US Supreme Court hears case about pay for time spent changing for work

On November 4, 2013, the U.S. Supreme Court heard arguments in Sandifer v. United States Steel Corporation, a case dealing with overtime payment for workers who need to put on protective gear for their jobs. The decision in the case could have far-reaching implications for unionized workers in a number of sectors across the U.S.

Indiana steel workers seeking wages

The suit was filed by 800 steel workers in Gary, IN, claiming that the Fair Labor Standards Act requires the employer to pay them overtime wages for the time they spend putting on and taking off the gear they need to wear for their jobs before and after each shift. The workers are required to don flame-retardant outerwear, hard hats, gloves, boots, ear plugs, hoods and safety glasses prior to reporting to their work stations.

What is “protective gear”?

The critical distinction in the case is what constitutes “protective gear” and what is simply “clothing.” The law allows employers and unions to agree that the union members will not receive compensation for the time the members spend changing clothes or washing before and after a shift. However, the FLSA mandates that employers compensate employees for the time that they spend putting on and removing protective gear necessary for their jobs, no matter what agreements are in place between unions and employers.

The union and the steel plant owner had an agreement about not receiving compensation for changing clothes, but the workers argue that the various items they are required to wear for their jobs are not simply clothes, but rather fall under the protective gear provision of the FLSA, and they should receive wages for the time they spend putting them on and taking them off.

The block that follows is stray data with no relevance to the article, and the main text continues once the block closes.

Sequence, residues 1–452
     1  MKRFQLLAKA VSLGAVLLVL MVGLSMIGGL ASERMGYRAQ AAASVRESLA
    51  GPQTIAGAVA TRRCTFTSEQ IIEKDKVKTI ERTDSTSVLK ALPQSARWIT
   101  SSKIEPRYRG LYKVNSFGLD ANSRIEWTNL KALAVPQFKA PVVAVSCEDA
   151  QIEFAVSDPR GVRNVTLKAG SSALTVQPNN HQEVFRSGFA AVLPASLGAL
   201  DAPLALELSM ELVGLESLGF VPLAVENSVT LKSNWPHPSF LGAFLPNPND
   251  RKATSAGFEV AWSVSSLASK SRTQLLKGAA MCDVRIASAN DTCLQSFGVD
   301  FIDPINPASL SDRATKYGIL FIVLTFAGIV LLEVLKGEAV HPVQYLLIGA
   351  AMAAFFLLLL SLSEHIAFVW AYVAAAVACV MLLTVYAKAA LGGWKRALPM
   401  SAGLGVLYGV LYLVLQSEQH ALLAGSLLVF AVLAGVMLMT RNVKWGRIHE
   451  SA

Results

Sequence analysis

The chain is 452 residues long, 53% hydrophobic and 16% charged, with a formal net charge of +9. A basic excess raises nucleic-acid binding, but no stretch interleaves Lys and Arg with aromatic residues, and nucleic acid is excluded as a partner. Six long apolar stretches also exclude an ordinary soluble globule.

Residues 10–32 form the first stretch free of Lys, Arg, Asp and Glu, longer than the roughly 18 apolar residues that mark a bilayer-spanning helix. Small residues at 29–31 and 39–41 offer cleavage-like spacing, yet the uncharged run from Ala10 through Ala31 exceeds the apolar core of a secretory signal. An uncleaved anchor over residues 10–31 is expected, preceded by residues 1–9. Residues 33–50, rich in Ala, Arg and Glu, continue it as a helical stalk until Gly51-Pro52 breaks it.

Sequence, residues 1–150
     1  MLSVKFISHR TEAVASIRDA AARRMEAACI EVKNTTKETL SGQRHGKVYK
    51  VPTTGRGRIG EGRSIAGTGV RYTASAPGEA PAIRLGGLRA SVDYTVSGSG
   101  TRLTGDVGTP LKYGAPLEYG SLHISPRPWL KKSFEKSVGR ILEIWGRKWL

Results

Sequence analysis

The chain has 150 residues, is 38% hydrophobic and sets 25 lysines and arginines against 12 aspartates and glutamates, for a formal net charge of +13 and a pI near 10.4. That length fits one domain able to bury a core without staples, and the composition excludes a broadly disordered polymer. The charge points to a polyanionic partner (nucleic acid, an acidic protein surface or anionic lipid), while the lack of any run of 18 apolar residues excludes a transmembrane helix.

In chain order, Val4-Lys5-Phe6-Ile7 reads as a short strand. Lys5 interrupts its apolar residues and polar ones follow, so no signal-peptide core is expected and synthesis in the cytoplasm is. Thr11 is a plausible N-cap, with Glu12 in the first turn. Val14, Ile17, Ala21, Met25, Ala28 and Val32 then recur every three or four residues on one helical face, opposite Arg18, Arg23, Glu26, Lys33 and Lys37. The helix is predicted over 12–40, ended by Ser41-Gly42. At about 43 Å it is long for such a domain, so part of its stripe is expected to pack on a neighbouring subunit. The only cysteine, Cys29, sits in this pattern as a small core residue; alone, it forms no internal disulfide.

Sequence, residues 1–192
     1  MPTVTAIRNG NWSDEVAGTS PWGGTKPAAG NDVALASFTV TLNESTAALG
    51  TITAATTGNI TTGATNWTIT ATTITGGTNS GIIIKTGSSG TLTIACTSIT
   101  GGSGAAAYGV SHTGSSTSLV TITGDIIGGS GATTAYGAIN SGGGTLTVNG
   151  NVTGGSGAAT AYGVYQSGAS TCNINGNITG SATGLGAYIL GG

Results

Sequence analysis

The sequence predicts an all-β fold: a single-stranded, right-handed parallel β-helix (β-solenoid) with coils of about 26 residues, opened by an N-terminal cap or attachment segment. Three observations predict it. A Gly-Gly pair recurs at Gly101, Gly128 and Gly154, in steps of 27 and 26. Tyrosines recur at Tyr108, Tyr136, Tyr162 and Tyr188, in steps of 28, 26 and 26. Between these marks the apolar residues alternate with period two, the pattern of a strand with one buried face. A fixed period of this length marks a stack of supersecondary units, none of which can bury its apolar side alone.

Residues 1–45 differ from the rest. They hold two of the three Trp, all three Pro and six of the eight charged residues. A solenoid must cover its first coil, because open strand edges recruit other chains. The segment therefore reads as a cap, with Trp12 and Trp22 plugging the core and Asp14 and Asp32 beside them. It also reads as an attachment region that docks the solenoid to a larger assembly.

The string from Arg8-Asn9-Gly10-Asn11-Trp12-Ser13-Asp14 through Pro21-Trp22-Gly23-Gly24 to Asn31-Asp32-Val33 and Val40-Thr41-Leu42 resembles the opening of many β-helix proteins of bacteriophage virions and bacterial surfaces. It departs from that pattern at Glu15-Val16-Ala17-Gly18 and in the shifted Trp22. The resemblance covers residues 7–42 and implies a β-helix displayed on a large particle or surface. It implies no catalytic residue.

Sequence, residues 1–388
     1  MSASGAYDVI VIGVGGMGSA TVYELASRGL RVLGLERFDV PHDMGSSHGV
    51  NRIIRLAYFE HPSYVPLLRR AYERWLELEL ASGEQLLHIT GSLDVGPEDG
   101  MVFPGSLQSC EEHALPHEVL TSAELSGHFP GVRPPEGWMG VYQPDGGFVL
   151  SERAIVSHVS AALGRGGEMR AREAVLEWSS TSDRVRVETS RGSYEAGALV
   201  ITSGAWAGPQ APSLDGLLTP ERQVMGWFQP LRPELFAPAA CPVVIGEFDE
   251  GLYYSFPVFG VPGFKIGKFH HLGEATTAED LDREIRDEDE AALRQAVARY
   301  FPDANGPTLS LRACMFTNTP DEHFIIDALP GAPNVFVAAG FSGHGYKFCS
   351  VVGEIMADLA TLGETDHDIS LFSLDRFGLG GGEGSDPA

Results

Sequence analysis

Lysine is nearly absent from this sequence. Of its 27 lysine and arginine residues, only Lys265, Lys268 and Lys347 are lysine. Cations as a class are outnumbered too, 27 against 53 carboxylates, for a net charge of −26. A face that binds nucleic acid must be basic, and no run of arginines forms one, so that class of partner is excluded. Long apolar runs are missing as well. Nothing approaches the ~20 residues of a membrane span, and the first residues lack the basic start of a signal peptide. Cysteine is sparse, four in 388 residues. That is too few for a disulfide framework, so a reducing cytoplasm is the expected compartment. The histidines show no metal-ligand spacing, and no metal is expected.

A three-judge panel had disagreed with the steel workers’ claim, however. The court ruled that most of what the workers wore was clothing, noting that perhaps the hard hats, ear plugs and safety glasses were protective gear. However, the court said that the time workers spent putting on those items was “negligible,” so their wages would not be affected.

Experts believe that the Supreme Court will issue an opinion in the case before it recesses in 2014.

Speak with an attorney

Employees work hard enough at their jobs; they should not have to battle their employers for their wages. However, some employers do not want to pay employees the full amount of money they have earned, and they try to find reasons not to pay. Employees have recourse in such situations, and everyone should be aware of their rights regarding payment of wages. If you have questions or concerns about payment policies or practices at your job, speak with an experienced employment law attorney who can discuss your situation with you and advise you how to proceed.